Is the Venezuelan army sending Hugo a message?
Two apparently independent items:
The first one, from the Guardian (definitely not one organ of the vast right wing conspirators), Venezuela: Army unrest grows over Chávez reforms (emphasis added)
Venezuelan military officers have expressed growing alarm at attempts by President Hugo Chávez to turn the armed forces into a political instrument of his socialist revolution.I copied and pasted the article in its entirety. As regular readers of this blog know, I seldom cut and paste a whole article, but every word in that article needed to be read. Let's bear in mind that retired military officers do make a difference in Venezuelan politics.
One general has been detained and hundreds of other officers reportedly sidelined for protesting against the ideological drive. Chavez has ordered the armed forces to adopt the Cuba-style salute "Fatherland, socialism or death" to put the institution at the heart of his effort to transform Venezuela.
Pastors from the recently formed pro-Chávez Reformed Catholic church have been installed as army chaplains to weaken the influence of the traditional Catholic church, which is hostile to the president. "That's causing a lot of resentment, a lot of upset," said a source close to the military.
Last week military intelligence agents detained an outspoken critic, General Angel Vivas Perdomo, and questioned him for nine hours. Vivas had asked the supreme court to ban the new official salute. As a replacement he suggested "Death to tyranny. Long live freedom!" - a slogan from the 19th-century independence hero Francisco de Miranda.
The general was ordered to report to the military prosecutor's office twice a month and to stay in Caracas but was not charged with any crime.
Before his detention he told the Associated Press that the new motto deprived "the right of every Venezuelan citizen to think differently and to disagree with socialism".
According to Citizen Control for Security, a watchdog group, about 800 disgruntled officers have been left without formal duties. Many sit at home awaiting early retirement, it said.
And now for a flashback:
Last March Hugo was threatening war with Colombia in reaction to the Colombian raid in Ecuador that killed the FARC's #2 guy, Raul Reyes. Considering Colombia's superior military might it came as no surprise that the Venezuelan army wasn't exactly chomping at the bit to go to war.
It so happened that the Venezuelan army's advance to the Colombian border got held up by a taxi drivers' strike, an incident which the Guardian refers to as "unrelated"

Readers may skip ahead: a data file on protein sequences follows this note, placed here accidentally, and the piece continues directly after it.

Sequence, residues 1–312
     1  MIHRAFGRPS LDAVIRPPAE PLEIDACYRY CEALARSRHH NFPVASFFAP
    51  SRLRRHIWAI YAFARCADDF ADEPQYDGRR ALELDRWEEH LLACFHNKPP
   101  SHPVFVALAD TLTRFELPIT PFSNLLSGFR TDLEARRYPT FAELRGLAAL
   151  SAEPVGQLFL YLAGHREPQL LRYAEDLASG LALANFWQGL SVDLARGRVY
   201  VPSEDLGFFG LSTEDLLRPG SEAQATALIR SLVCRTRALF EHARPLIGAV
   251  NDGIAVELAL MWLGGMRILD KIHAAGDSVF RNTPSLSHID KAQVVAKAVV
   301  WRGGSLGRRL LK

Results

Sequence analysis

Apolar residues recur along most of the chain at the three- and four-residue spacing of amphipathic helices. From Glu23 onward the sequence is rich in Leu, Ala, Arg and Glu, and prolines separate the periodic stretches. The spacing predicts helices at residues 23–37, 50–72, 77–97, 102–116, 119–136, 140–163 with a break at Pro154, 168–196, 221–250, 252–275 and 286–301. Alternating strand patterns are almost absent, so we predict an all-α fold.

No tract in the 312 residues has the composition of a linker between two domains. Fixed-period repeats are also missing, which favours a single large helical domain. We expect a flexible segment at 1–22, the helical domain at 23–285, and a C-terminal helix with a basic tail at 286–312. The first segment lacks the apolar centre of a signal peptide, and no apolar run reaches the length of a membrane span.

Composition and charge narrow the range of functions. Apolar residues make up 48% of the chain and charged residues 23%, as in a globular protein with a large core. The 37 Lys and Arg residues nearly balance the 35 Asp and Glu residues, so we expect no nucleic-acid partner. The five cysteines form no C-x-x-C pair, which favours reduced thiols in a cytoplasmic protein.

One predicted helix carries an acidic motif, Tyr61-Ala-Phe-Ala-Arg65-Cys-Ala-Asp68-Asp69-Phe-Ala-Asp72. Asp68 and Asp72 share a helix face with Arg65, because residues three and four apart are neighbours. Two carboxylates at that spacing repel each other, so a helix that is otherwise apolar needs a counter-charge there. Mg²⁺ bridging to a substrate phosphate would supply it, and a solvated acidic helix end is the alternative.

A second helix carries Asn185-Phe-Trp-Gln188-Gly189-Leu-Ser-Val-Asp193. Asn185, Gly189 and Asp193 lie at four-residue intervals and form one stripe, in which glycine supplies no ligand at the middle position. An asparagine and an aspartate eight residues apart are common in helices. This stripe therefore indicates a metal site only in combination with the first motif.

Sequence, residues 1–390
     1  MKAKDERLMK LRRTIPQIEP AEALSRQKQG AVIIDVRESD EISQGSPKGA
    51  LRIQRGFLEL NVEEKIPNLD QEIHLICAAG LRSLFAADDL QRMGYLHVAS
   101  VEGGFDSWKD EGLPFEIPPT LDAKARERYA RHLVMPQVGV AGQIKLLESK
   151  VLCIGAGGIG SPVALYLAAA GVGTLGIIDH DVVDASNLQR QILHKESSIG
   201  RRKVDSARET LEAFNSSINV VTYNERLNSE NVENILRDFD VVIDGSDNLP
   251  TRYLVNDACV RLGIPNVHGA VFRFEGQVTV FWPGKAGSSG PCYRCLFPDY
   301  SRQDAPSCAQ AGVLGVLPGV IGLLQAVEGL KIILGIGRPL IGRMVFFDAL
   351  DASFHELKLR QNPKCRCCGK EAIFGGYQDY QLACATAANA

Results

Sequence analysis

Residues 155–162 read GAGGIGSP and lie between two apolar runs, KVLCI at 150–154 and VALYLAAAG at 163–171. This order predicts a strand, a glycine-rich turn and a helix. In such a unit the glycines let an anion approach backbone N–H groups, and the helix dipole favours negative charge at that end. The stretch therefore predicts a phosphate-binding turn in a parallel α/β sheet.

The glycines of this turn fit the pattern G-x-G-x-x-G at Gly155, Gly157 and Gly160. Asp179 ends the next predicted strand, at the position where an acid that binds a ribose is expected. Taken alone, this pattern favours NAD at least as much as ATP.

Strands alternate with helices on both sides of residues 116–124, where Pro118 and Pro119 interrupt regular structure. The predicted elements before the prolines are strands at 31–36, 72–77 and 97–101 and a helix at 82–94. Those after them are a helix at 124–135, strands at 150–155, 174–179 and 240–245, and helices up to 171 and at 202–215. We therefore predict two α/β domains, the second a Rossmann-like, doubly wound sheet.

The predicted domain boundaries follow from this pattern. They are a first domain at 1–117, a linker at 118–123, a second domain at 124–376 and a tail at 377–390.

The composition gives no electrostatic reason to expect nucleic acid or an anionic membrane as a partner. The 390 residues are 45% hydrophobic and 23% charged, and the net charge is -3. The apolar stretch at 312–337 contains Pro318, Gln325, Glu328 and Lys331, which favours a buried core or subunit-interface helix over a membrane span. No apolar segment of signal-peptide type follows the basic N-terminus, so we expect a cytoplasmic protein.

An unrelated taxi strike on a motorway reportedly bogged down Venezuelan military convoysbut evoking "comic opera".
Fast-forward to last week's Mercosur summit,
where Chavez was saying that the U.S. Navy's decision to re-establish its Fourth Fleet is "a threat" to Latin America. Right before Mercosur Chavez even had the military do exercises, named Operation Socialist Fatherland,
a military exercise designed to show the strength of Venezuela's combined forces.Chavez returned from Mercosur, and soon after came the Colombians' rescue of the FARC's four most valuable hostages. Chavez claims he heard the news from a construction worker at one of the socialist cities.
The second independent item:
Along came the July 5th celebration of Venezuela's Independence Day, where the military parade is also a "show of strength", or so you would expect. Except that it was not; it was, again, something of a "comic opera":
There was the overturned truck: the truck overturned while driving at a vertiginous parade speed of maybe 5 miles per hour.
Then things really got smokin':
And some thing fell off the tank:
The thing had to be dragged off the street.
To add to the hilarity of the celebration, this guy's probably glad he wore a cup to the parade:
Hardly the stuff one expects to fight the Fourth Fleet with. Definitely the stuff one expects in a "comic opera".
Crotch-gazing aside, is the Venezuelan military sending Hugo a message?
I post, you decide.
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